The original study came about because the team noticed that Texas students’ SAT scores were consistently declining below the national average. This trend coincided with the Texas Education Agency (TEA) mandated change from a 4×4 high stakes testing system consisting of a series of four exams per year in four subjects (mathematics, science, social studies and English) during the final four years of secondary school. TEA’s current testing-system focuses on only two STEM areas (biology and first-year algebra) along with first- and second-year English and US History. The TEA calculator policy states no calculators are permitted on STAARs (State of Texas Assessments of Academic Readiness) in grades 3-7, but districts must ensure that each student has a graphing calculator to use on all STAARs starting with 8th-grade mathematics (both paper and online versions) and biology. For the biology assessment, there should be one calculator (four-function, scientific, or graphing) for every five students. Students may bring their own calculators with them to the assessments, but internet capabilities must be disabled and calculation applications on smartphones are not allowed. Beginning in May 2018, the grade 8 science STAAR requires students to have access to calculators with four-functions, scientific or graphing capability. What is not obvious is how much these rules/ regulations are hurting the students’ future preparation for postsecondary success. Handheld calculators are generally accepted for classroom use and allow teachers to give beginning students realistic problems using tangible data gathered from the field. All is good but how many times do students calculate a negative mass or an unrealistic density and not have the quantitative-reasoning ability or basic number sense to know that the “calculator” answer is impossible or improbable.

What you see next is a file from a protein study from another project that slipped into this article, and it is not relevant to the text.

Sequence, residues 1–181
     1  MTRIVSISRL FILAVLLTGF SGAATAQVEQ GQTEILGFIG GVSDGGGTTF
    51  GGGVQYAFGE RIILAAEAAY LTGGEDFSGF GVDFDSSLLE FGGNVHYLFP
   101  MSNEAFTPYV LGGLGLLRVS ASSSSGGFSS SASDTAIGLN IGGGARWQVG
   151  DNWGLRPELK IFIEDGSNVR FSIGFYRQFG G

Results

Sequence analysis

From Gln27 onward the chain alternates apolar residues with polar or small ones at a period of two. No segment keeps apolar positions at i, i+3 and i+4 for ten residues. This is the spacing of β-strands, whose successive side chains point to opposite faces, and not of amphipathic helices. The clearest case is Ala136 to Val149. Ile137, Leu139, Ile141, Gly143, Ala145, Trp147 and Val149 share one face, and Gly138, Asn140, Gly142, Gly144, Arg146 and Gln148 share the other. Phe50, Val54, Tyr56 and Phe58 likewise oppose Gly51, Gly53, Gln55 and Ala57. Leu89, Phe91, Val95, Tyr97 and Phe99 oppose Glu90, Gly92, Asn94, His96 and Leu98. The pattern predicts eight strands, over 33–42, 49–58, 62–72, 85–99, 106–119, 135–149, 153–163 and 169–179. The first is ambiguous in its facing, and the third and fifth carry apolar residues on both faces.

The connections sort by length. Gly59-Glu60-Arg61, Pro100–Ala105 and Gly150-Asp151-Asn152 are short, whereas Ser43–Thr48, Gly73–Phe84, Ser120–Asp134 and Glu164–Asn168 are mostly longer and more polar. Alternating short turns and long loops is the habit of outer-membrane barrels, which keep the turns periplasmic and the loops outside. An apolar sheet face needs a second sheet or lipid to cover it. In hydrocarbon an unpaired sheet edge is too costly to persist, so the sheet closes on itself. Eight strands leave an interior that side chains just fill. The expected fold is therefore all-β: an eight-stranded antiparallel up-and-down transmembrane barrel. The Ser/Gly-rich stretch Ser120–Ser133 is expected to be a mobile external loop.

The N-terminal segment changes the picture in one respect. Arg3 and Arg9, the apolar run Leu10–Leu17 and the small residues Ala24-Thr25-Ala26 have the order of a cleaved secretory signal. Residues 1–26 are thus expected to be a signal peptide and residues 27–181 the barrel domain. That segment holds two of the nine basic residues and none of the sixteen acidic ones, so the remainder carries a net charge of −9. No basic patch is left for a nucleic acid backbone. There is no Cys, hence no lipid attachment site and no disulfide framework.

When students enter post-secondary education with low automaticity ability, they lack the mental-math skills needed to succeed in general chemistry, a major gateway course to many STEM-major degrees. Adding more calculator-free instruction for all STEM and non-STEM majors in general chemistry (and other STEM courses) is advisable and will improve students’ mentalmath capability. Summer bridge programs, weekly recitations and the like should emphasize students’ automaticity skills to help prepare incoming students for success. However, quantitativereasoning (QR) skills (like those needed to understand how to read scientific data graphs and charts) are required to understand much of our current data-driven world needed to prepare global citizens for both STEM and non-STEM careers. Improving our students’ QR calculator-free skills is a place to start to attempt to improve retention and graduation rates for all students. Is this the answer? Maybe or maybe not, but what is obvious is that we are going in the wrong direction. Without a doubt, students need more quantitative-reasoning and quantitative-literacy skills to have a chance of succeeding in this data-driven world. To encourage students to use their calculator-free skills, teach part of your class without the use of a calculator. Ask students how they arrived at their answers, what is their logic-it might surprise you as to what they can and cannot do without using calculators, and as a result their automaticity abilities and MCAT scores might improve!
- Williamson VM, Walker DR, Chuu E, Broadway S, Mamiya B, et al. (2020) Impact of basic arithmetic skills on success in first-semester general chemistry. Chemistry Education Research and Practice 21(1): 51-61.
- Powell CM, Simpson J, Williamson VM, Dubrovskiy A, Walker DR, et al. (2020) Impact of arithmetic automaticity on students' success in second-semester general chemistry. Chemistry Education Research and Practice 21(4): 1028-1041.
- Weber R, Powell CB, Williamson V, Mamiya B, Walker DR, et al. (2020) Relationship between academic preparation in general chemistry and potential careers. Biomedical Journal of Scientific & Technical Research 32(5): 25311-25323.